On Monday, March 8, people from all over the world in different time zones came together virtually to share one delicious experience—baking soda bread with blind chef and 2017 Holman Prize winner Penny Melville-Brown.
Being a woman of Irish heritage, I love soda bread and have baked it on numerous occasions, trying several different recipes throughout the years. Penny’s recipe stood out to me as it called for an ingredient I had never before seen in a soda bread recipe— yogurt. I was immediately intrigued and knew I had to take this opportunity to learn from the famed Blind Baker herself. So, I set my alarm clock for 2:30 am Monday morning and joined in on the fun.
With very sleepy eyes and visions of warm, freshly baked bread dancing in my mind, I clicked on the Zoom link and was connected with fellow blind and low vision bakers (both by hobby and by trade) as Penny guided us through the process of measuring out ingredients, mixing and kneading the dough until it was at the right texture and consistency, and popping it into the oven. While our loaves baked, participants from the United Kingdom, Australia, Zimbabwe, and the United States listened as Penny shared her experiences as a blind chef, winning the Holman Prize and the world of opportunities that opened up for her, and of course, her own personal history with soda bread and how she came up with this recipe.
Many traditional Irish soda bread recipes call for buttermilk, an ingredient that is hard to come by in the United Kingdom. You can make your own buttermilk by adding vinegar or lemon juice to whole milk, but that results in a very fatty product. Since Penny makes her own yogurt, she had the brilliant idea of taking the liquid from the top of the settled yogurt and using that as a buttermilk substitute.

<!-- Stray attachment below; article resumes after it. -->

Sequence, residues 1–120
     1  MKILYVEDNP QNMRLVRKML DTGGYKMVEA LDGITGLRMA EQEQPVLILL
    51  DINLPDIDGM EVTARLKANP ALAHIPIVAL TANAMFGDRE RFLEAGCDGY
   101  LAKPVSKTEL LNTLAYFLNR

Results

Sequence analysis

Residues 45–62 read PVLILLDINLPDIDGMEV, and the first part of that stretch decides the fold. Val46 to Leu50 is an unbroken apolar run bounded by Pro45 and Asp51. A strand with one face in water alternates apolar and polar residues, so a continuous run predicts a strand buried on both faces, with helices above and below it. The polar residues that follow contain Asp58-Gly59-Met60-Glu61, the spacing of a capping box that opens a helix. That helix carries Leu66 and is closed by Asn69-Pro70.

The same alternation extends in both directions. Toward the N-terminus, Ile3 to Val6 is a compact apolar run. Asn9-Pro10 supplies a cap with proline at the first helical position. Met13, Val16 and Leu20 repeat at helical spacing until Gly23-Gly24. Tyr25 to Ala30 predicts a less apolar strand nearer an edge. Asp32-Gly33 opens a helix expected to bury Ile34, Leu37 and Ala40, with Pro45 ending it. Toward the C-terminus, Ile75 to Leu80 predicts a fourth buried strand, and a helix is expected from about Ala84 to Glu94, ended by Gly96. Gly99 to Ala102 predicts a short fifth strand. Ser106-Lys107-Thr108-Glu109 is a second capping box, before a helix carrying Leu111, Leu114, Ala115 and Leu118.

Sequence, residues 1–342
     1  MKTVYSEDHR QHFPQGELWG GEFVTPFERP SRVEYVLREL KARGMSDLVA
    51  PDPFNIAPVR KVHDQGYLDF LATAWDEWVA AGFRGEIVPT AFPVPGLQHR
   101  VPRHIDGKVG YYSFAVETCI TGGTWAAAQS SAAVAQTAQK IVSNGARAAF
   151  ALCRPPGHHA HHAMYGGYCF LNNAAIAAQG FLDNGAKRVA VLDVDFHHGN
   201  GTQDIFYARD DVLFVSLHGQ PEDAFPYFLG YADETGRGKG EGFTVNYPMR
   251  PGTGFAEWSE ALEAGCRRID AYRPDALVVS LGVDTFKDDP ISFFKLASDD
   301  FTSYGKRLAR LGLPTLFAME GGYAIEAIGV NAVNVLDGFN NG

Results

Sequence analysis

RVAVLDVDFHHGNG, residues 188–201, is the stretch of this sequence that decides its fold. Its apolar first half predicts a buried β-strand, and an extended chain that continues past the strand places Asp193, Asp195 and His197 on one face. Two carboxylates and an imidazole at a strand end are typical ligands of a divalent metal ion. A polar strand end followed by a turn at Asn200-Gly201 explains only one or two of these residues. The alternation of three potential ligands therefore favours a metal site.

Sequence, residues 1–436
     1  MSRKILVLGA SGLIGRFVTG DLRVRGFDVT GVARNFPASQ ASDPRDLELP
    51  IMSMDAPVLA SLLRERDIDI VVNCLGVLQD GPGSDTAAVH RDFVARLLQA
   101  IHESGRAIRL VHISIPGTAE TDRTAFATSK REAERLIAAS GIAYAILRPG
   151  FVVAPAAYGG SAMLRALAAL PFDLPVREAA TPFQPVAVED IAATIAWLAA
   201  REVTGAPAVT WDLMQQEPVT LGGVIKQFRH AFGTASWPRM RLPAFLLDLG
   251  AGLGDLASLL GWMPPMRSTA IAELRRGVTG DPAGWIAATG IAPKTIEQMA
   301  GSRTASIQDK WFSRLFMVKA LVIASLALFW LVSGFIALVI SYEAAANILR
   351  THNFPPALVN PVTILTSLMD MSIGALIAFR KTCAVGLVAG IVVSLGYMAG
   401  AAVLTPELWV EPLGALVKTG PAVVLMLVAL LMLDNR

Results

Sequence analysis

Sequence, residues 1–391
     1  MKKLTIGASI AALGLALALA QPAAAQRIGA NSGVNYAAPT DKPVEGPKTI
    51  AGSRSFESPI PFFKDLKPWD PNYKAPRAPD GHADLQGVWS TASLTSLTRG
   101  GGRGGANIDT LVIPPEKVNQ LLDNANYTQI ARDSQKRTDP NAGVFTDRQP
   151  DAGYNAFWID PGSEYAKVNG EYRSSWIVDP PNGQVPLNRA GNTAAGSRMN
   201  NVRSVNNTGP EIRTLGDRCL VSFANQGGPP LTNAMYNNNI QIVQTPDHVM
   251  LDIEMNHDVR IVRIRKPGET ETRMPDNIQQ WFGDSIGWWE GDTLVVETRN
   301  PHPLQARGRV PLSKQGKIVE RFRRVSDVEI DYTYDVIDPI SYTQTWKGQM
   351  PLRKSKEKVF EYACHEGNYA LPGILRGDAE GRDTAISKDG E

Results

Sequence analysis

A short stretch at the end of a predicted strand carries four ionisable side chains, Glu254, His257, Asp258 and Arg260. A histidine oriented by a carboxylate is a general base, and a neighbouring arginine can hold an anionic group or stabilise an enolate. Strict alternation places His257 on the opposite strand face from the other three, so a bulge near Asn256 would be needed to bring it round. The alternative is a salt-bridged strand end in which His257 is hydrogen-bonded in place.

The recipe was a success! However, most people don’t have access to homemade yogurt, so she decided to tweak the recipe once more, this time using the yogurt itself. The thick, creaminess of plain yogurt has all the flavor of buttermilk but provides a richness and moisture to the bread that I had never tasted before. As a sort of soda bread connoisseur, this recipe has instantly become my favorite. (And not just because it came from a fellow blind baker!)
Joining Penny and baking alongside people who are blind or have low vision in kitchens all over the world was a fantastic experience. The past year has been a doozy, and the entire globe has been affected. It isn’t often that people on every continent share the same experience and life circumstances. No matter where you are from, two things are true for all—we are all capable of doing great things, and the love for food is universal.
If after reading this you’re thinking, “Gee, I wish I’d participated in Baking with Penny,” you’re in luck! You can watch the recorded baking session with Penny here. For more information about Penny Melville-Brown and what new delicious recipes she is whipping up or for information on future virtual baking sessions, you can follow her YouTube channel, Baking Blind.
If you’d like to try Penny’s Irish Soda Bread recipe it’s below, with both U.S. and metric measurements.
Penny’s Irish Soda Bread
- 1¾ cup or 250 grams of self-rising flour, or 1¾ cup (250 grams) of all-purpose flour and 2 teaspoons baking powder or baking soda
- ½ cup or 200 grams plain natural yogurt
- 1 level teaspoon salt
- Preheat the oven to 400° Fahrenheit, Gas 6, or 200° Celsius,
- Line a baking tray with parchment paper and spray with a little oil.
- Mix all the ingredients together to form a dough ball.
- Place the dough on the tray and cut a cross on the top.
- Bake for 25 minutes then turn the bread over and bake for a further 5 minutes.